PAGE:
Lastly, unless your headers are in [drive]:\headers and your libraries are in [drive]:\libraries your command line arguments wont work. You need to specify relative or absolute paths:
Example: -Id:/opengl/headers -L./libraries

The first says "my headers are in d:\opengl\headers" the second says "my libraries are in a direction called 'libraries' that is underneath the current directory".

You can also look into other freeware compilers such as mingw32 and Borland has one called C++ Builder or something like that. These work better with .lib files (I think) and can probably interface with hardware accelerated OpenGL (because they compile Windows programs instead of DOS programs). I'm sure somebody will kindly point out the links if ask (sorry, I dont have them, I use VC++).

a beginner
03-16-2001, 10:11 PM
So can someone please explain to me what this mesa thing is and what it does?

a beginner
03-16-2001, 10:16 PM
Also, if I am going to use mesa3d do I delete my OpenGL stuff and also, can I code the same way I would for GL with mesa3d?

a beginner
03-16-2001, 10:29 PM
I went to the site that someone above suggested and all there were were demos or something like that. I ended up at this page:
http://sourceforge.net/project/showfiles.php?group_id=3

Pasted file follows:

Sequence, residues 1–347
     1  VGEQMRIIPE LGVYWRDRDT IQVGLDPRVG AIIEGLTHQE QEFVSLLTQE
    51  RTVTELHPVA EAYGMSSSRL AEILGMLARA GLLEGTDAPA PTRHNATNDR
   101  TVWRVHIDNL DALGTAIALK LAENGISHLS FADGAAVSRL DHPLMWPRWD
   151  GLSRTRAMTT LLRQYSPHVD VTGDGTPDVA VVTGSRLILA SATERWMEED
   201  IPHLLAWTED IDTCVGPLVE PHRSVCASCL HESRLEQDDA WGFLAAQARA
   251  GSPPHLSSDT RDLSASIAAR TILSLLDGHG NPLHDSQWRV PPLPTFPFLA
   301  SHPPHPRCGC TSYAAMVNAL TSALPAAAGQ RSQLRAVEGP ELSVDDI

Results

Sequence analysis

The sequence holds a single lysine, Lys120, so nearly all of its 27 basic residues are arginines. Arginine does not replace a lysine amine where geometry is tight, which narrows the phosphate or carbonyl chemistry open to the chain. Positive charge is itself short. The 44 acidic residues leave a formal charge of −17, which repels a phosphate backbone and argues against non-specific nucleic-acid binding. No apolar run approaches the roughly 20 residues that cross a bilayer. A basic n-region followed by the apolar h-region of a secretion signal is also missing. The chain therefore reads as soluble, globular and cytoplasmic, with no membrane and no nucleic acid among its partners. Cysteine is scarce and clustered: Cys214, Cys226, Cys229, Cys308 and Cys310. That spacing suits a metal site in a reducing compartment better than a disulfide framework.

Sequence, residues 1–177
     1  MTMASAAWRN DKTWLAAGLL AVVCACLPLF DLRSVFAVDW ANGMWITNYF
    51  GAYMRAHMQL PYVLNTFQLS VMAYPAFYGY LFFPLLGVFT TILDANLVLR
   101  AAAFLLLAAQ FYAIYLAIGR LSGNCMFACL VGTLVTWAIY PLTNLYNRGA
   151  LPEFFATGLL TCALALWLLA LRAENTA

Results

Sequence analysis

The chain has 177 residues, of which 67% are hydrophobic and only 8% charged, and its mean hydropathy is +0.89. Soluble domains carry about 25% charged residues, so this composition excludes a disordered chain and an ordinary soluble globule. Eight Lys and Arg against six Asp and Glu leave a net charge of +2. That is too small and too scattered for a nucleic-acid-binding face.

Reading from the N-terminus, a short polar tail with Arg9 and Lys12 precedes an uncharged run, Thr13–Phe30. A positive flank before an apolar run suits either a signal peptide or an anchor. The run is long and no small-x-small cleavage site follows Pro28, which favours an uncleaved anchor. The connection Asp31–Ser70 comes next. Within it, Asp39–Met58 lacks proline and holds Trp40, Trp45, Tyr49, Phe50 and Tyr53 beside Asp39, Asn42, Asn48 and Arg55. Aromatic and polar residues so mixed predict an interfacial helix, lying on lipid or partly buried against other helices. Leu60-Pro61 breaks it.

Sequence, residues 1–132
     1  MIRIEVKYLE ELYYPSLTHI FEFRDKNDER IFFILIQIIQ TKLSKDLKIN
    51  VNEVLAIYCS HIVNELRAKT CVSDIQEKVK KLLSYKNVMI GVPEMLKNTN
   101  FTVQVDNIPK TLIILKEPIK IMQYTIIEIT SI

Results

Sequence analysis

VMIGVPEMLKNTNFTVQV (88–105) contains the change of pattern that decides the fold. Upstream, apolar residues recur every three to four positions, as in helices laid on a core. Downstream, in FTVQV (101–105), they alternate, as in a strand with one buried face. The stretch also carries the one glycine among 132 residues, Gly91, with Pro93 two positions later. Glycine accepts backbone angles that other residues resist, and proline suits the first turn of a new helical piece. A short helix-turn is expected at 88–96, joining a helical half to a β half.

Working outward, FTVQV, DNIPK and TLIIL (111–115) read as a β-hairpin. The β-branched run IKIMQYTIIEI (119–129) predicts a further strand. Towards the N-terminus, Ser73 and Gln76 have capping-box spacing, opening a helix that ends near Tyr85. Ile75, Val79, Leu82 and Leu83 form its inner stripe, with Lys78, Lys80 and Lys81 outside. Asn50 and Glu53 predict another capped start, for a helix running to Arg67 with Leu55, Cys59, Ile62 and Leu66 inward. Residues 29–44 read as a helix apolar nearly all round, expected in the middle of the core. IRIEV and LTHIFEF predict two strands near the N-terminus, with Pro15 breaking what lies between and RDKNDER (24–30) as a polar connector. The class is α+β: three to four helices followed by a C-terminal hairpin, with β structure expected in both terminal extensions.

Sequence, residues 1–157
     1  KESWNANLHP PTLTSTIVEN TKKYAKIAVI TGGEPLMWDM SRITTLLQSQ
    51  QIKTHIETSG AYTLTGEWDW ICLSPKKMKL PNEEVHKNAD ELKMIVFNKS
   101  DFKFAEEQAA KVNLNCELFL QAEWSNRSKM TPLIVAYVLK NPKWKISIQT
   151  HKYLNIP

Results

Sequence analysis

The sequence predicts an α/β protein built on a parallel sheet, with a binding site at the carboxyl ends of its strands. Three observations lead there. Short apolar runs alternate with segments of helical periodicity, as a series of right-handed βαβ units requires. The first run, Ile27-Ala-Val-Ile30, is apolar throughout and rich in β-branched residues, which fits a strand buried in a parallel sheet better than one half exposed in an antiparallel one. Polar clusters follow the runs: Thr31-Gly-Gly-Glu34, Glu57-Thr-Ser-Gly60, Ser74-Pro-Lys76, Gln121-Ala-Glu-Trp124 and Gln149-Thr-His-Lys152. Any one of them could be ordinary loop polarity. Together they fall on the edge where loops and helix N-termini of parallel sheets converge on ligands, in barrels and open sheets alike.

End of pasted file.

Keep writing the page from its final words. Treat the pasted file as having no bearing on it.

Can someone please help. I just want to get started.

BwB
03-16-2001, 11:13 PM
After you got to the source forge site did you download mesa? I dont mean to be rude but how long have you been programming? I dont think jumping into something like 3d programming with OpenGL is a good way to start... If you've been programming for a while, please forgive me that comment.
Mesa is free version of OpenGL that runs in software mode. This means that you program just like you would for OpenGL because it IS OpenGL. The Mesa site has much documentation to get you started.

EricK
03-19-2001, 06:53 AM
Originally posted by a beginner:
I went to the site that someone above suggested and all there were were demos or something like that. I ended up at this page:
http://sourceforge.net/project/showfiles.php?group_id=3

Can someone please help. I just want to get started.

When I went to that site the mesa library was there, down below the demos.

It is kinda hard to offer advice without knowing what you have and what you want to do. Perhaps it would be easier to use a different compiler? What is your OS? Do you need to use DOS? Do you know what graphics card you are using?

Deiussum
03-19-2001, 12:07 PM
As Erik said, it's hard to offer advice without knowing what you want to do. If you don't need to use DOS, I'd highly recommend finding a different compiler. You can download and use Mesa3d, but the resulting programs won't use hardware acceleration and could potentially be very slow. Maybe you don't have a decent card and that doesn't matter that much, anyway, though.

If you don't have a lot of programming experience, then you should listen to BwB. OpenGL and 3d programming is a lot to bite off if you are just learning how to program.